Northern Beaches bungle staff transfer
The process of transferring public health staff to the privatised Northern Beaches Hospital has left many nurses angry, confused and uncertain about their future employment.
Northern Beaches Hospital is due to open in November with construction reportedly ahead of schedule.
Yet the staff transition process did not begin until March this year – at least one year later than expected.
Healthscope will run the hospital, and staff transferred from Manly and Mona Vale hospitals will be Healthscope employees.
Northern Sydney Local Health District (NSLHD) will be reduced to a purchaser of Healthscope services.
For years, public health unions have urged the Ministry of Health and Healthscope to give staff more information about work arrangements and employment conditions at the new hospital, and to start the transition process early.
NSLHD belatedly justified the staff transfer delay by saying its contract with Healthscope did not require Healthscope to provide relevant staffing information until six months before transfer.
Most Mona Vale nurses and midwives were matched to Healthscope positions in the first of four recruitment rounds.
However, they had to accept jobs with no detailed job descriptions and without any information about shift arrangements and clinical profiles within their nominated wards or service.
Many eligible employees believe they have been disenfranchised and/or wrongly excluded from more appropriate positions, said NSWNMA General Secretary Brett Holmes.
“This has been compounded by conflicting advice or alternatively a vacuum of information,” he said.
A mismatch of positions
In a letter to Deb Willcox, chief executive of Northern Sydney Local Health District, Brett said eligible employees who work in similar or identical positions had been matched with very different positions.
Shift workers had been matched with day-worker positions and other staff had been matched with positions that did not reflect their current area of expertise.
He said many highly competent intensive care unit nurses felt “abandoned and disrespected” because they had not been matched with ICU positions.
Healthscope is giving priority to ICU nurses with post-graduate certificates because under private hospital regulations, at least half of ICU staff must hold a certificate.
A large number of Manly and Mona Vale nurses have worked successfully in ICU without a certificate for many years.
Brett said these staff had been given a “vague promise” that concerns would be addressed in later job-matching rounds.
Despite its opposition to privatisation, the union and its members had “patiently, diligently and constructively” taken part in all aspects of the consultation process regarding the transition of services and staff.
The NSWNMA had urged the ministry to start the process of transition as early as possible to give people time to consider offers and “rectify errors in approach”, but the ministry had allowed the process to “dawdle” over several years.
Brett urged the NSLHD to give staff more information and more time to make decisions.
The NSLHD responded by allowing an extra week for expressions of interest in round one.
Transition ‘a horrible process’
The Northern Beaches Hospital transition process sounds a warning to staff at other facilities that may face privatisation in the future, says clinical nurse specialist (CNS) Lisa Edbrooke.
“It’s been a horrible process to go through and I think it’s really unfortunate that people on the northern beaches will no longer have an acute care public hospital,” says Lisa, who has worked at Manly Hospital for more than five years.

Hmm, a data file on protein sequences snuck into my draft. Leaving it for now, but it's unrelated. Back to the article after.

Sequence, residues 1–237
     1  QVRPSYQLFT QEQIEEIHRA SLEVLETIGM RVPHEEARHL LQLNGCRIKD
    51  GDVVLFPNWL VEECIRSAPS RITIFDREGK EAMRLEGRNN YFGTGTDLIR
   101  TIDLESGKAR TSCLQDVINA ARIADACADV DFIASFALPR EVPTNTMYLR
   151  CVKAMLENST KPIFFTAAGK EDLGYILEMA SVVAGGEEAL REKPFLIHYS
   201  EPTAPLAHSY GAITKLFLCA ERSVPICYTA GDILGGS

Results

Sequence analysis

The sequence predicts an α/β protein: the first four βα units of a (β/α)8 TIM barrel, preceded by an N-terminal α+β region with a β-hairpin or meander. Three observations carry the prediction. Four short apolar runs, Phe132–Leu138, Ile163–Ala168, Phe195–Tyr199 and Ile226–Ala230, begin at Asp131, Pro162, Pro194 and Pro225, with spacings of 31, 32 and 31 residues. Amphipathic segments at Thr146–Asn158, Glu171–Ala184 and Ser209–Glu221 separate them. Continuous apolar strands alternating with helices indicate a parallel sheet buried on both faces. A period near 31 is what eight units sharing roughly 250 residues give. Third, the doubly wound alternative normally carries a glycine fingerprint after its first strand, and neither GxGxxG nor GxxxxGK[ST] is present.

“I want other nurses and midwives in NSW to know we need to fight against privatisation.
“I’m thrilled for those hospitals that have been saved from privatisation because staff and the community rallied against it and the state government backflipped.”
Lisa, a CNS grade 2, has spent all her 34 years of nursing in the public system. She says she is relatively fortunate to be among the majority of nurses and midwives who were matched to Healthscope positions at the new hospital in the first of four recruitment rounds.
“My position at Manly is nurse screener – pre-admissions and, of course, it comes with a detailed job description that clearly defines my role.
“However, my job description for the pre-admissions clinic at Northern Beaches is generic for a CNS 1 and 2 and doesn’t give me any idea of what I will be doing.
“Also, we still haven’t been told what model of care will apply and what the FTE (full-time equivalent) staffing profile will be.”
A year behind schedule
She has put in an expression of interest for the position, but staff have been told they will not find out whether their expressions of interest have been accepted until late July or August.
Manly and Mona Vale staff are expected to move to the new hospital at the end of October.
However, the staff transition process is running at least a year behind the promised timeframe.
This was laid out in a Healthscope newsletter dated 28 April 2015, which advised: “From 2016 Healthscope will commence detailed work with Northern Sydney Local Health District on the migration of staff and establish a clear and simple expression of interest process for those who choose to migrate.
“To fill the remaining vacant positions, the external recruitment process will begin in 2017. Information about jobs will not be available before 2017.”
In reality, sketchy job information has only recently become available to staff and the external recruitment process has yet to begin.
“When we read the hospital newsletters the news is all very positive,” Lisa says.
“But the transition process is way behind schedule, has not been ‘clear and simple’ and it’s left many staff members feeling incredibly disappointed.
“I feel the ministry and local health district have let us down.”